Peter Mackie Burns – 'It wasn't so much our eyes meeting across a crowded room, more like finding each other in an agent's reject pile'

Peter Mackie Burns – 'It wasn't so much our eyes meeting across a crowded room, more like finding each other in an agent's reject pile'

Scottish director Peter Mackie Burns collaborates with writer Nico Mensinga on debut feature Daphne, screeing at EIFF

'It wasn't so much our eyes meeting across a crowded room, more like finding each other in an agent's reject pile!' Scottish director Peter Mackie Burns is talking about his collaboration with writer Nico Mensinga on their debut feature Daphne, screening at this year's Edinburgh International Film Festival. 'Nico and I both have the same representation at United Agents, and he said, "I don't like either of your work, so maybe you two should team up!" I'm paraphrasing; the bottom line was that Nico and I got on, and Daphne is the result.'

Emily Beacham (Hail, Ceasar!, Into The Badlands) was cast as Daphne, an objectionable young woman living in London whose attitude to life changes when she witnesses a stabbing.

'It's a city film. I'm fascinated by a particular area in London, Elephant and Castle, which is going through massive regeneration. I told Nico that I wanted to make a film about a contemporary female character who lives there, and asked if he had anything. He had a piece that had been rejected a few times, and that short, Happy Birthday To Me, became a prototype for the film,' says Burns. 'We showed it to Caroline Cooper Charles (head of Creative England at the time) and she suggested we take it to The Bureau (London and Paris-based film production company). When they saw Emily in the role, they got the tone immediately.'

Burns and Mensinga knew that they had found the right creative home with The Bureau, who had found critical and commercial favour with Andrew Haigh's 45 Years. ('I think it would have been a tougher sell to get it made without them. If the character and the world interest them, they'll work with you on a micro level to get the script ready,' says Burns.) While Burns has his own style, he's happy to admit to two specific influences on Daphne's creation; Mike Leigh's 'organic' character development and Woody Allen's stunning evocation of Manhattan.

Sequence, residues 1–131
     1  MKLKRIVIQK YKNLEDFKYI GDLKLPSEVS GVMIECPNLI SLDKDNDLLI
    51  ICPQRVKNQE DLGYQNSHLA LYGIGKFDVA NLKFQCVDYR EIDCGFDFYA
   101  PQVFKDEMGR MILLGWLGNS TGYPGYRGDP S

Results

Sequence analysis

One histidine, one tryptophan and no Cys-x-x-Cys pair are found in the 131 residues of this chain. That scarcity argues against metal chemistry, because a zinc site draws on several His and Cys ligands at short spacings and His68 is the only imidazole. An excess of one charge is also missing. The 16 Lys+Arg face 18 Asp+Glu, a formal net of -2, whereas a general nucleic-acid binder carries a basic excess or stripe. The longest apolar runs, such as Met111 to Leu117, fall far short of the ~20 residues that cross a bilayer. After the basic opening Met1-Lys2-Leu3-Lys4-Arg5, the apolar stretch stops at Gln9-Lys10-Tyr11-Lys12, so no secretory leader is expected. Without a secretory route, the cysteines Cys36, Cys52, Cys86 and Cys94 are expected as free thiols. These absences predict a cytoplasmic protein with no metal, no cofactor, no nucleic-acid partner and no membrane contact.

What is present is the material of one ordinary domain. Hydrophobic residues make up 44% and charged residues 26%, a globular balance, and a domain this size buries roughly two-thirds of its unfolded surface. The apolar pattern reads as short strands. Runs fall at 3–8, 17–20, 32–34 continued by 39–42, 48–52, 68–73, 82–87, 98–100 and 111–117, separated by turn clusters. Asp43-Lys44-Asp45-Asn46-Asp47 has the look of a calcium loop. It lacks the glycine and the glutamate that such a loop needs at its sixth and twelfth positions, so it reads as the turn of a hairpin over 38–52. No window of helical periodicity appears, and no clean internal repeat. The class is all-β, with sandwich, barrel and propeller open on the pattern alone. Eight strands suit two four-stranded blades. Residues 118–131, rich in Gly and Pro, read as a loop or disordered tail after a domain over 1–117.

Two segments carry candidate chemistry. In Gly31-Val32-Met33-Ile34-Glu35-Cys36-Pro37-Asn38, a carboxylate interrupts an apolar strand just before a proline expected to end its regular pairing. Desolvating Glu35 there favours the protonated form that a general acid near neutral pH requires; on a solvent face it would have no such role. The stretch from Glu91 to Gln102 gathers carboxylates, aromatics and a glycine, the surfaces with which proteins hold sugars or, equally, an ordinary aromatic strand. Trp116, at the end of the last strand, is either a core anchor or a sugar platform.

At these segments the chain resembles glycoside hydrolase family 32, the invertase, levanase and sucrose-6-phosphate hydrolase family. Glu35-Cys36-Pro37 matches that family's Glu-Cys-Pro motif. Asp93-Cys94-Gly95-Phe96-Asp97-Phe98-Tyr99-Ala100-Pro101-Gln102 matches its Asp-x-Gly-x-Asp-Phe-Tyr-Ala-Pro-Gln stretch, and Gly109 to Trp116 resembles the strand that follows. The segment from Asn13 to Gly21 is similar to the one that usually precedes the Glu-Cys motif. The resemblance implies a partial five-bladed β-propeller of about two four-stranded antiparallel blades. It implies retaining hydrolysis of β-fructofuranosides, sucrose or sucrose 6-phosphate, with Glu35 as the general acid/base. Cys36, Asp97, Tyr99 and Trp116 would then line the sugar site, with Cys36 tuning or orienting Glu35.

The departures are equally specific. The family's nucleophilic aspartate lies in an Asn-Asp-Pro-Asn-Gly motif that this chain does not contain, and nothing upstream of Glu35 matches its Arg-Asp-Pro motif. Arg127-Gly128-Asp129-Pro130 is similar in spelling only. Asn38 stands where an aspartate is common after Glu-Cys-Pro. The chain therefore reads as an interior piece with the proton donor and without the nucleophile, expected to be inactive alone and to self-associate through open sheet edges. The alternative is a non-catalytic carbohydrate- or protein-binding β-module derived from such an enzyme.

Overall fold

'Obviously, Emily is nothing like the character of Daphne, who is based on two people that I knew. We developed the character on a biographical level with Emily; it's a bit like Mike Leigh's approach, except we can't afford to hire the actor for two years to prepare,' says Burns. 'Adam Scarth was our cinematographer, and we wanted something like the way Gordon Willis shot Manhattan, we used the same lenses and shot quickly, and did fewer takes to keep it fresh. And we'd shoot without rehearsing. We didn't have the money to do 50 takes of a scene like Kubrick, I'd be handed my jacket if I did that!'

Burns won plaudits for shorts in the past, including Golden Bear winner Milk in 2005; now, Daphne will bring his unique sensibilities to a wider audience.

'Daphne as a person is foul-mouthed, funny, but you want to spend time with her,' says Burns. 'It's been interesting seeing how people reacted at Rotterdam and Texas (South By Southwest), and I'm looking forward to seeing how Edinburgh audiences take to her.'

Daphne screens at Cineworld, Edinburgh, Fri 23, Mon 26 Jun as part of EIFF. General release from Fri 29 Sep.


  • 3 stars
  • 2016
  • UK
  • 1h 30min
  • 15
  • Directed by: Peter Mackie Burns
  • Written by: Nico Mesinga
  • Cast: Emily Beecham, Geraldine James, Tom Vaughan-Lawlor

Daphne (Beecham) is a wisecracking 31 year old who thinks she knows it all before she witnesses something which knocks her for six. The script could be punchier and James is wasted as Daphne’s mum, but Burns’s narrative debut benefits from Beecham’s charismatic performance: a star in the making.